Grief or Bereavement Counselling
The loss of a loved one, whether it is through natural or accidental death, the end of a relationship or divorce, the demise of a pet, or the loss of something important or dear to us, leads to the very human emotion of grief.
For the majority of people, the grieving process may take anywhere from a few months to a few years. They rebound and find love again. They do not forget whom they’ve lost, and eventually move on with their lives.
For others, they never fully recover from their loss, their sense of hopelessness and loneliness leads them into a prolonged period of deep sadness, and for some, this eventually leads to depression. Yet others turn to alcohol or drugs to overcome abject loneliness, pushing aside and ignoring remaining family members and loved ones.
Grief is a multi-faceted emotion, and it could include various shades of the following:
Disbelief, horror and numbness
“I can’t believe this happened to me! Why me?!”
“I don’t believe this is happening to me. No, it’s not true! She’ll be back.”
“I hate my life without you!”
Shame and guilt
“If only I had been a better wife or husband.”
“How could you leave me?”
“If I do such and such, God, would you let him back?”
and finally, Acceptance
“I can resume my life, without feeling so bad about my loss.”
Can counselling help me with my grief?
Can counselling help with grief? Yes, counselling can most certainly help. Counselling is a calming and gentle process, that takes both the client and the therapist through a healing journey, helping you to understand and accept life without the one you’ve lost.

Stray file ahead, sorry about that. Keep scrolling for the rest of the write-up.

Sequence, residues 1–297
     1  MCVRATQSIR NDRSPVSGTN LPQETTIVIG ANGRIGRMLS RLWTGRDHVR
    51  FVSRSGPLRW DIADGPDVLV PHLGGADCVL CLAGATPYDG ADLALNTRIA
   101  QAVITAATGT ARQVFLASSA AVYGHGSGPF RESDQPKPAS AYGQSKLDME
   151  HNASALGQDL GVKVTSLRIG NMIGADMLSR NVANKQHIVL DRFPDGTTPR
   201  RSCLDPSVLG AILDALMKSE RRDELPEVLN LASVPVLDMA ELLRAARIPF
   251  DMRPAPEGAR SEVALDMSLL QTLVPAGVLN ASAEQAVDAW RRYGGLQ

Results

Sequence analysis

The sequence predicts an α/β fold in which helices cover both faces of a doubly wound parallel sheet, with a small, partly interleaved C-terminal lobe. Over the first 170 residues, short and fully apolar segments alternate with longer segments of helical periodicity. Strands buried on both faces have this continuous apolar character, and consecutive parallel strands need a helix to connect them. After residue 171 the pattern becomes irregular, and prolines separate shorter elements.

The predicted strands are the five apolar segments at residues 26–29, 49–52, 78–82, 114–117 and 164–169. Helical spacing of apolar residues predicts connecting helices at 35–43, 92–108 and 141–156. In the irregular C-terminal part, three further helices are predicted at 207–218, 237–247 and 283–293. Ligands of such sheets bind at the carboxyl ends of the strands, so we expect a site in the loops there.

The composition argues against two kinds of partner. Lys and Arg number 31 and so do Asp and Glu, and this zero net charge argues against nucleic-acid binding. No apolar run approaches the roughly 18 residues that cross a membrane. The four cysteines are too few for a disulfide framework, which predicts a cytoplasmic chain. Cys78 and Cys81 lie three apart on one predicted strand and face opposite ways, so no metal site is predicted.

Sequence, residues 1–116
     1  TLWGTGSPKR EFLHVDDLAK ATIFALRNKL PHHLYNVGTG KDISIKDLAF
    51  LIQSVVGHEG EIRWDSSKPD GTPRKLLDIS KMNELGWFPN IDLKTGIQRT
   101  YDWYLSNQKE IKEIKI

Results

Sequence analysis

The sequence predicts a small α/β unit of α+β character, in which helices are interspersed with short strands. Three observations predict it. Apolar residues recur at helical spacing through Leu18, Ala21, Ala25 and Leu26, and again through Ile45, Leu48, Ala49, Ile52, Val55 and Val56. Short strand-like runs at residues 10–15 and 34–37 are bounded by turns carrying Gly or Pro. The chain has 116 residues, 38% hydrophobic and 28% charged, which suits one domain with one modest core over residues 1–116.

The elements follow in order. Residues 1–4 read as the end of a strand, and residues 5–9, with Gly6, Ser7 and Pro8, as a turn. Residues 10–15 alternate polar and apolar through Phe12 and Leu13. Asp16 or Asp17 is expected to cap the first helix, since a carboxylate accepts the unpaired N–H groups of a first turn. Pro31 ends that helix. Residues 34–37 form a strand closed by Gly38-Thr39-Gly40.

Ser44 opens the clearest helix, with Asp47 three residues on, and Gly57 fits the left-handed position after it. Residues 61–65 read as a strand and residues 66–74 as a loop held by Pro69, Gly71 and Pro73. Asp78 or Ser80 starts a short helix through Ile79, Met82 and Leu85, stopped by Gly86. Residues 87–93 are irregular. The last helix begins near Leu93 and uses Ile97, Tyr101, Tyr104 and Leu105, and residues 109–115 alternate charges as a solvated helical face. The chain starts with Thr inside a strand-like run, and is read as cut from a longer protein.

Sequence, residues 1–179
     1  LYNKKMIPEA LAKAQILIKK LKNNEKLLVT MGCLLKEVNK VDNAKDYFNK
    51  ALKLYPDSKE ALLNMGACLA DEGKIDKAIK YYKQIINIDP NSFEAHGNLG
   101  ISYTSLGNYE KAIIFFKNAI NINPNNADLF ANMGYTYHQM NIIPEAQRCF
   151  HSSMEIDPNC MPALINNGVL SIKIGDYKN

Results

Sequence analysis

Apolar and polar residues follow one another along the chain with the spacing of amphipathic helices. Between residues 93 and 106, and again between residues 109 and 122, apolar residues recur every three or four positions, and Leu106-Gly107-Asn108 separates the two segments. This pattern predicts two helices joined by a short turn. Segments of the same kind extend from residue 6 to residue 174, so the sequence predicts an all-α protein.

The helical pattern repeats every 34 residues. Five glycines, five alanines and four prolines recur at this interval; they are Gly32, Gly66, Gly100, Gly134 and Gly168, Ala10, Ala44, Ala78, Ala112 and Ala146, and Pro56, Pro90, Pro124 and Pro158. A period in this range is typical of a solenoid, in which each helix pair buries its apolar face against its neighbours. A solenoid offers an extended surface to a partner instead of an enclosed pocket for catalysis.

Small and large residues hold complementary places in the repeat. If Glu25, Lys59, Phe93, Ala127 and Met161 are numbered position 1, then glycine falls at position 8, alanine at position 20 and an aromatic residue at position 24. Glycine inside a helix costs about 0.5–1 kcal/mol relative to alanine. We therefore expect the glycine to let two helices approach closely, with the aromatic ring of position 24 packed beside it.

Your therapist will help you to find areas in your life that are meaningful, and perhaps even find new ways of being, that is joyful in a way that is different from the joy you knew before.
Counselling is a process during which you may come to realise that your new reality is worthwhile and meaningful, and that moving on with life does not take away or minimize the memories that you’ve created with the one you lost.
Counselling may also help you, as a part of the healing process, to come up with new ways to honour the one you lost. And as a result, you’ve transcended your sorrow, and end up helping others (for example, hosting a fundraiser for cancer research) in the name of your loved one.